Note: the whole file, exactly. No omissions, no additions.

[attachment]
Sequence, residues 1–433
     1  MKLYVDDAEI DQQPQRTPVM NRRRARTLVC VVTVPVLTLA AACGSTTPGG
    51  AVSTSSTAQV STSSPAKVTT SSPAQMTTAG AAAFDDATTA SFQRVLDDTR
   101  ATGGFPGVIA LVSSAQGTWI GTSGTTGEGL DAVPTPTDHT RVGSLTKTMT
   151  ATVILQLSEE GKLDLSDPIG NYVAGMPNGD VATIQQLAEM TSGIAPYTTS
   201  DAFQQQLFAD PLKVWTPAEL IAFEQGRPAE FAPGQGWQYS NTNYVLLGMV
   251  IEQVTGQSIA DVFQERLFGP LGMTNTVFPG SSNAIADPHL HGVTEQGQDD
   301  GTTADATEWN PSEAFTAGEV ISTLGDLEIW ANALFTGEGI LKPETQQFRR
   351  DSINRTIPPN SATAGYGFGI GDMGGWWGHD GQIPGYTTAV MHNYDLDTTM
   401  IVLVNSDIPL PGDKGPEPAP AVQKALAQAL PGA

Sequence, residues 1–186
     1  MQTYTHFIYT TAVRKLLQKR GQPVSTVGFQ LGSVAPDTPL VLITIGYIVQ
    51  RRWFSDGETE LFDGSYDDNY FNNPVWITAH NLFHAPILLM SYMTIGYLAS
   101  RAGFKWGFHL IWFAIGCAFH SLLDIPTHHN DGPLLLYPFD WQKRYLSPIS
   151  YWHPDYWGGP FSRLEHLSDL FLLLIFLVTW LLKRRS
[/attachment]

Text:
Sequence, residues 1–433
     1  MKLYVDDAEI DQQPQRTPVM NRRRARTLVC VVTVPVLTLA AACGSTTPGG
    51  AVSTSSTAQV STSSPAKVTT SSPAQMTTAG AAAFDDATTA SFQRVLDDTR
   101  ATGGFPGVIA LVSSAQGTWI GTSGTTGEGL DAVPTPTDHT RVGSLTKTMT
   151  ATVILQLSEE GKLDLSDPIG NYVAGMPNGD VATIQQLAEM TSGIAPYTTS
   201  DAFQQQLFAD PLKVWTPAEL IAFEQGRPAE FAPGQGWQYS NTNYVLLGMV
   251  IEQVTGQSIA DVFQERLFGP LGMTNTVFPG SSNAIADPHL HGVTEQGQDD
   301  GTTADATEWN PSEAFTAGEV ISTLGDLEIW ANALFTGEGI LKPETQQFRR
   351  DSINRTIPPN SATAGYGFGI GDMGGWWGHD GQIPGYTTAV MHNYDLDTTM
   401  IVLVNSDIPL PGDKGPEPAP AVQKALAQAL PGA

Sequence, residues 1–186
     1  MQTYTHFIYT TAVRKLLQKR GQPVSTVGFQ LGSVAPDTPL VLITIGYIVQ
    51  RRWFSDGETE LFDGSYDDNY FNNPVWITAH NLFHAPILLM SYMTIGYLAS
   101  RAGFKWGFHL IWFAIGCAFH SLLDIPTHHN DGPLLLYPFD WQKRYLSPIS
   151  YWHPDYWGGP FSRLEHLSDL FLLLIFLVTW LLKRRS